France hit by new wave of strikes against Macron’s pension reform

  • The reform raises the retirement age from 62 to 64
  • Schools, transport networks, oil refineries were damaged
  • Macron: Reform is essential to ensure the stability of the pension system

PARIS, Jan 31 (Reuters) – Striking workers disrupted supplies at French refineries, public transport and schools in a second day of protests against President Emmanuel Macron’s plan to keep people working longer until they retire.

Crowds marched across French cities to condemn the reform, which raised the retirement age to 64 by two years, and Macron will try to make changes after losing his working-class majority in parliament.

Only one in three high-speed TGV trains operated on the railway networks, and even fewer local and regional trains. Services on the Paris Metro were disrupted.

Many of those who marched behind banners saying “There is no way to reform” or “We will not surrender” said that they will go to the streets as often as necessary to give up the government.

“We won’t drive until we’re 64!” said bus driver Isabelle Texier at a protest in Saint-Nazaire on the Atlantic coast.

“It’s easy for the president. He sits in a chair…, he can work until he’s 70, even,” he said. “We can’t require roof layers to work until they’re 64, it’s impossible.”

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After January 19, when more than a million people took to the streets in the first national strike, unions said early data from protests across the country showed higher turnout.

“This is better than 19 years … This is a real message to the government, we don’t want 64 years,” Laurent Berger, head of France’s largest union CFDT, said ahead of the march in Paris.

Opinion polls show the vast majority of French people oppose the reform, but Macron intends to stick to his position. The reform is “crucial” to ensure the viability of the pension system, he said on Monday.

Some resigned amid bargaining between Macron’s ruling alliance and conservative opponents who are more open to pension reform than the left.

“There is no point in going on strike. This bill will be passed anyway,” said Mathieu Jaccot, 34, who works in the luxury industry.


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For unions, which will announce more industrial action later in the day, the challenge is to keep the streets marching at a time when high inflation is driving down wages.

Although the number of protests appears to have increased, some preliminary data showed that participation in the strike on Tuesday, January 19, has decreased.

About 36.5% of workers at SNCF rail operators went on strike at midday, down 10% from January 19, even though train disruptions were almost identical, a union source said.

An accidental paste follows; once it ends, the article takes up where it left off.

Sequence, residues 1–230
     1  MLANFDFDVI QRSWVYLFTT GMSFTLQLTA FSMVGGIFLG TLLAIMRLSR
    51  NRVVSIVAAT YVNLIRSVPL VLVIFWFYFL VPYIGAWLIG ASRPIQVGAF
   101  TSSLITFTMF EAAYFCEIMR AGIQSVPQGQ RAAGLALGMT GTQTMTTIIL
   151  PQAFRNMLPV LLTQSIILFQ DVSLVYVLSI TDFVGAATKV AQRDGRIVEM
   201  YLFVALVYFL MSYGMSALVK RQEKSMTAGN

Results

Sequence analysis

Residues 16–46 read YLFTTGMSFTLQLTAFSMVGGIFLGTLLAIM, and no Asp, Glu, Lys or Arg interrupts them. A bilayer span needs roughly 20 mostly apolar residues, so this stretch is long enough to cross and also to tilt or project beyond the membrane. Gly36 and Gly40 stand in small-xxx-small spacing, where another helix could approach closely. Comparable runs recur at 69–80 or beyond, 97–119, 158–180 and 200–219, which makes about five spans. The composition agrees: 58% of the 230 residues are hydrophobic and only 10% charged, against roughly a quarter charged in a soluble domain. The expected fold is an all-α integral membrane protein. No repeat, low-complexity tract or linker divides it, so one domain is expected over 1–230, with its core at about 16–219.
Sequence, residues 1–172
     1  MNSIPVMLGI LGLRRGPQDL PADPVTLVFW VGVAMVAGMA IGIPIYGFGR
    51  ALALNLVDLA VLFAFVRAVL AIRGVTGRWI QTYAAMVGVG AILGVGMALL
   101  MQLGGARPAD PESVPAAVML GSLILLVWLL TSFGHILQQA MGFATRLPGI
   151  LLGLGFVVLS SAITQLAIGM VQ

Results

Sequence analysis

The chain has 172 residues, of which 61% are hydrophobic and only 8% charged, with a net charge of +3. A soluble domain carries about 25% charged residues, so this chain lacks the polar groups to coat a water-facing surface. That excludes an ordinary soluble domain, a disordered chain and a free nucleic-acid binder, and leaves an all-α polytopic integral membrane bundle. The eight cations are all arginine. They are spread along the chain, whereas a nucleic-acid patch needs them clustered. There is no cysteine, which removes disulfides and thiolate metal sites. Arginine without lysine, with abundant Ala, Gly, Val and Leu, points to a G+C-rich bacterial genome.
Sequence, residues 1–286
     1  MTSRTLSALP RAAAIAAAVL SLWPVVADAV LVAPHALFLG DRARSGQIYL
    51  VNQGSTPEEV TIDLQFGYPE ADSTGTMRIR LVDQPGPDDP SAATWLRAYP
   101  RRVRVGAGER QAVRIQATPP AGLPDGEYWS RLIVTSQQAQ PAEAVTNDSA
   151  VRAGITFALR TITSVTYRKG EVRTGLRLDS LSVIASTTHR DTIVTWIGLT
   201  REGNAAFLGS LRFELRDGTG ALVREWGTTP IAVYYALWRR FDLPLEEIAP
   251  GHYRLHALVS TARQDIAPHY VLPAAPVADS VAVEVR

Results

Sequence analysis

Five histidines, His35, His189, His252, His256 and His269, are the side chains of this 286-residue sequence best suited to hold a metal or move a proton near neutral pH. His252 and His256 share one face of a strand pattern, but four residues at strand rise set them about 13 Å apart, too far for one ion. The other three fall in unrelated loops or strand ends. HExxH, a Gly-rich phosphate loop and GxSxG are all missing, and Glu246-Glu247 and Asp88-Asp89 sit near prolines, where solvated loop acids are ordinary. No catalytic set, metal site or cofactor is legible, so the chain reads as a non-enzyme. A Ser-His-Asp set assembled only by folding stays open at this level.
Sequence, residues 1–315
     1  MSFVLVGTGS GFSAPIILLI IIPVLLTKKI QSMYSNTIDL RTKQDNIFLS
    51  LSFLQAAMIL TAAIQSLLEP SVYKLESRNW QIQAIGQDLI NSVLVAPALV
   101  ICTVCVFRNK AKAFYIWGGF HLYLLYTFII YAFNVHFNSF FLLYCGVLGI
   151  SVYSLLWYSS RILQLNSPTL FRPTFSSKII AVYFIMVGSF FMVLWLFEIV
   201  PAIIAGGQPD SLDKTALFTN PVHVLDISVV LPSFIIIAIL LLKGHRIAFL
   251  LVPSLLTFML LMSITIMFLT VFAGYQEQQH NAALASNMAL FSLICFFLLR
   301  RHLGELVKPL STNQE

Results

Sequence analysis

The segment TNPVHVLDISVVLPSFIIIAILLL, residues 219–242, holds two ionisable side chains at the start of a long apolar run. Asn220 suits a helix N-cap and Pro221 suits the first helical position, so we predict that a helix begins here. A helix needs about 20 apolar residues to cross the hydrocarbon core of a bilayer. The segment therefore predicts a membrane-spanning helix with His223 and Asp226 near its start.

Utilities group EDF ( EDF.PA ) said 40.3% of workers were on strike, up from 44.5%.

Unions and companies disagree on whether the strike was more or less successful than before. For TotalEnergies ( TTEF.PA ), the number of workers at its refineries was lower, but CGT said the number was higher.


At the local level, some have announced “Robin Hood” operations that are not sanctioned by the government. In the southwestern Lot-et-Garonne region, a branch of the local CGT union shut down several speed cameras and switched off smart electricity meters.

“With such massive opposition, it would be dangerous for the government not to listen,” said Mylene Jaccot, general secretary of the CFDT’s civil service division.

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Reforming the pension system will provide an additional 17.7 billion euros ($19.18 billion) in annual pension benefits, according to the Labor Ministry. Unions say there are other ways to raise revenue, such as taxing the super-rich or requiring employers or well-off pensioners to contribute more.

“This reform is unfair and cruel,” said Luc Farré, general secretary of civil servants’ union UNSA.

France’s electricity was down about 5%, or 3.3 gigawatts (GW), as workers at nuclear reactors and thermal plants went on strike, EDF data showed.

TotalEnergies said supplies of oil products from its French sites had been suspended, but that customers’ needs had been met.

In developing the draft law, the government allowed some concessions. Macron originally set the retirement age at 65, and the government is also promising a minimum pension of 1,200 euros a month.

Additional reporting by Sybil de La Hamaide, Forrest Crellin, Benjamin Mallet, Stéphane Mahé, Benoit Van Overstraeten, Leigh Thomas, Michel Rose, Bertrand Boucy; Written by Ingrid Melander and Richard Lough; Edited by Janet Lawrence and Mark Heinrich

Our standards: Thomson Reuters Trust Principles.


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